Those hazard signs aren’t just for show, electricity can kill. All modern generators come with safety features to make them as safe as they can be, but some models come with better safety features than others. Something to bear in mind is a surge protector, which will protect your appliances from surges in voltage from the RV generator. Other features available are low oil indicators which alert you to low oil situations, circuitry protection to prevent electrocution.
Great care should always be taken when using a portable generator.
Before buying you should make sure you estimate your usage based on wattage (next item) and the number of appliances. This is important as some models may not allow for extension cables unless you buy the recommended cable, heavy duty cable or simply there not recommended at all. This is very important for both RV use and home use as you can expect!
When using a generator you will have to pay attention to two power measurements, startup watts and running watts. The startup watts is commonly referred to as the peak power. You will have to ensure your usage requirements fir within that of the output of the RV generator you’re looking to buy – we will have a guide on this soon! (Comment below and if anyone needs it quicker we will prioritise it).
Gasoline vs. Propane
These are the two most popular fuel types, I don’t have exact stats but I would say these two covers 90% of RVers! Both have their pros and cons, generally speaking, your choice should depend on how you want to use the generator.
The important point is generally cost. They both vary and can change daily but something to keep in mind is the heat output of each. Propane only produces 91,500 BTUs per gallon whereas Gasoline can produce upwards of 125,000 BTUss per gallon.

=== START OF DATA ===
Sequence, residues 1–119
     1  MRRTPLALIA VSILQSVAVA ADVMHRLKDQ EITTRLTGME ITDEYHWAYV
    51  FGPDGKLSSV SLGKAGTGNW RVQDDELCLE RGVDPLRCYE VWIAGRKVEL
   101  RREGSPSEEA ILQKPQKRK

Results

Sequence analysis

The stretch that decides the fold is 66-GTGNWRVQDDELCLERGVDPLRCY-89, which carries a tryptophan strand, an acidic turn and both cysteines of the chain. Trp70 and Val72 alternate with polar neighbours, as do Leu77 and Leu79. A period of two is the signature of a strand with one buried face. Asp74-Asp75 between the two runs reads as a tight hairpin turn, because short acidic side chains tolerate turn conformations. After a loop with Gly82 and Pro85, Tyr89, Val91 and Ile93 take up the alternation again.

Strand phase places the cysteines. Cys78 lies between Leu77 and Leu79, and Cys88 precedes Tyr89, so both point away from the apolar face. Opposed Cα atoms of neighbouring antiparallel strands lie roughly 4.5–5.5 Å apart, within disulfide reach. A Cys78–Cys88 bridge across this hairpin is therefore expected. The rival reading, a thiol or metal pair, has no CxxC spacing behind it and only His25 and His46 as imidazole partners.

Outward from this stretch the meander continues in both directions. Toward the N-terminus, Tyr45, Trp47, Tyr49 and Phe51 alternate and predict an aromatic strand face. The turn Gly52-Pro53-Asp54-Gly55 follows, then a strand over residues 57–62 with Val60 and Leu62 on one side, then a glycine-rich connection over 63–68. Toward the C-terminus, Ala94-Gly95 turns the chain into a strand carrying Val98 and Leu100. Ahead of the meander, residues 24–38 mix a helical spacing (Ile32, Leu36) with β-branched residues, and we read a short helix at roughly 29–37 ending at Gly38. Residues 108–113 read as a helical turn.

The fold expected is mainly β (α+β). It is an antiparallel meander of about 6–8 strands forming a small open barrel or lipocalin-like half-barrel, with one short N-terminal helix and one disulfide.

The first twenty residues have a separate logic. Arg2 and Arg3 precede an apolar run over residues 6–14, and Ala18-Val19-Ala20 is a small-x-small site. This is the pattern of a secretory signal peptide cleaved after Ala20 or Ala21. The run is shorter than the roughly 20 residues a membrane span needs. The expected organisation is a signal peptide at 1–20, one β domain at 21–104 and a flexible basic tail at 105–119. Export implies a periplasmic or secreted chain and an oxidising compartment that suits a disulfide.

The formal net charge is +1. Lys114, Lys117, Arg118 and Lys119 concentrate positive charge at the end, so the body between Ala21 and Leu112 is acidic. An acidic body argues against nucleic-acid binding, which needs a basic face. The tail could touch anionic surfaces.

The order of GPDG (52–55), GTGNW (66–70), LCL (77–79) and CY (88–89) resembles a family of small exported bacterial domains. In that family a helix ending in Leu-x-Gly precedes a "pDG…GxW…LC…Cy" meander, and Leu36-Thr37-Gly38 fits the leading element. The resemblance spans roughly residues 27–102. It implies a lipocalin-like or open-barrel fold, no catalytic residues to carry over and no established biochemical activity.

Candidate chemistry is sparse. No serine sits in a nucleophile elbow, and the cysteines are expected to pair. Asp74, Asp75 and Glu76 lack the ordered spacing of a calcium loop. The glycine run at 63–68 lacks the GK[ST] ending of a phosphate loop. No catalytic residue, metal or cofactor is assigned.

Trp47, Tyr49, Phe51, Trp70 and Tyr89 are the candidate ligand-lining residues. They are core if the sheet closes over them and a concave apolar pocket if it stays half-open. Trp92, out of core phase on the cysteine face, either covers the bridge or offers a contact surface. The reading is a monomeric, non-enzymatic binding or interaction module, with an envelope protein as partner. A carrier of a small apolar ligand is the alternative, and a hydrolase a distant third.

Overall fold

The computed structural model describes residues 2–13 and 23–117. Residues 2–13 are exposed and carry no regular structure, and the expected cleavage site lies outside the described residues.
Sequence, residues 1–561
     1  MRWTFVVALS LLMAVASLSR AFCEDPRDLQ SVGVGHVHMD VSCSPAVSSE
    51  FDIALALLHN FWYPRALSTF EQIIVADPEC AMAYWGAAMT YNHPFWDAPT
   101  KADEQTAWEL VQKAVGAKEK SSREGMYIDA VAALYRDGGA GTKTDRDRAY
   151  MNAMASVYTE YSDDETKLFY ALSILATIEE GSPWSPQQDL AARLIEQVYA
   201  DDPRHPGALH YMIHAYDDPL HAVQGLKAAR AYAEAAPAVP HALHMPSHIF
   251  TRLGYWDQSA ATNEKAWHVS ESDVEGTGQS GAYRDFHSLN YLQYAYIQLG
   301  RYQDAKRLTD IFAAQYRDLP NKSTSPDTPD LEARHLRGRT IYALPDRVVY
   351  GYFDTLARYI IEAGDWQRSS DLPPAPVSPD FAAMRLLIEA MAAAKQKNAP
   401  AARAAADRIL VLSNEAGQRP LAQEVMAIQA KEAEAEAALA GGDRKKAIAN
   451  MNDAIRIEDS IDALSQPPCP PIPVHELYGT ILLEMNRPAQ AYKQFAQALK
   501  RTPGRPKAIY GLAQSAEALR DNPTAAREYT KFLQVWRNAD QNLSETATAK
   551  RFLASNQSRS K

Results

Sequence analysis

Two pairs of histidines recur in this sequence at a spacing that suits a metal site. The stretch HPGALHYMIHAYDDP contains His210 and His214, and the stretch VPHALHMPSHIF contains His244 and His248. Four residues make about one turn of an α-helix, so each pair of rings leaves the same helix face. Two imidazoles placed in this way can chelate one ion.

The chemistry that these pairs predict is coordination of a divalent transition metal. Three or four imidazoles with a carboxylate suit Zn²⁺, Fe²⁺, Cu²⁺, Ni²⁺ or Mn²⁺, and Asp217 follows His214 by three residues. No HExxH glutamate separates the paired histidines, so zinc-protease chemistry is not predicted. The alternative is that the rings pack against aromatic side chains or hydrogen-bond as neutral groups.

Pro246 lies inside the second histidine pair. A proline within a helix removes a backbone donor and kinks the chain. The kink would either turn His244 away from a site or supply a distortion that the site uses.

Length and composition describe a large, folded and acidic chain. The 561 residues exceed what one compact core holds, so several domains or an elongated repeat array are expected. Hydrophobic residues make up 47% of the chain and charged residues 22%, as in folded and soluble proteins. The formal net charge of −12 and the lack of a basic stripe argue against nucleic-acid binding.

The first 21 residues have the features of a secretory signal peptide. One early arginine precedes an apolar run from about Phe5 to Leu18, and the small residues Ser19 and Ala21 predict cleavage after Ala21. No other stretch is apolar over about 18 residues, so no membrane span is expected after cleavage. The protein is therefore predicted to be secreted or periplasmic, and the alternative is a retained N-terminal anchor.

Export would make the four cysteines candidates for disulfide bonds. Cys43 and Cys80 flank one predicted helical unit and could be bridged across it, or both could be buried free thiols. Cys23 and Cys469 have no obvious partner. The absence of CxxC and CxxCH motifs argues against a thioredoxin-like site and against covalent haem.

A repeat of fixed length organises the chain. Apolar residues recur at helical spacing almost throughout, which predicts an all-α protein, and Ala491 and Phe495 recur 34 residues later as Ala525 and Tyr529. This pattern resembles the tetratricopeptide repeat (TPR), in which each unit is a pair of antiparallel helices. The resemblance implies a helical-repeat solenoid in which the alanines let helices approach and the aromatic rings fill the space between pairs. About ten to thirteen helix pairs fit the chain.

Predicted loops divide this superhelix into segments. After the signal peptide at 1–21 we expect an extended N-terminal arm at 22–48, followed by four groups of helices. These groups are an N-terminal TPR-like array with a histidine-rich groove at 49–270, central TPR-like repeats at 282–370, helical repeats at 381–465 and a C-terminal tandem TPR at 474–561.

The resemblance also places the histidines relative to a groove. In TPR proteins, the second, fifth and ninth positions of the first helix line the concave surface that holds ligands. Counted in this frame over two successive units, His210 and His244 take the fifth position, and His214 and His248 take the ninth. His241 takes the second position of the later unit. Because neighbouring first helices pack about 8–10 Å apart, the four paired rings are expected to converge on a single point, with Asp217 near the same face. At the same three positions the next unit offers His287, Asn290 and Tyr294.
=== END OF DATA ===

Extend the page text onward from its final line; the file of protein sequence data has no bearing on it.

Propane though does last longer than gasoline as it is generally stored in a canister and can’t degrade over time, meaning its expiration date isn’t a concern. Gasoline though has a much shorter shelf life and should NEVER be stored in your home, garage or RV.
Portable Generator Safety Tips For Home and RV Owners
As we have previously said, generators can be dangerous if not used correctly. We have some general tips for staying safe below, but you should ALWAYS read the safety tips and operator manual provided with your selected generator.
- Always make sure you place the RV generator on a level surface – this is an obvious one but you would be surprised how many times we have seen portable generators on a slop or uneven surface.
- Ensure your generator is a safe distance away from your living and working area, also make sure any open flames, fires, BBQs and pilot lights are a safe distance away.
- Manage how many appliances you connect as well as the power usage. Only opt for the most important appliances to ensure your RV generator doesn’t become over utilized.
- Ensure you pay attention while filling the generator and make sure you don’t overfill it. This can cause fuel leaks and spill which can be a fire and slipping hazard.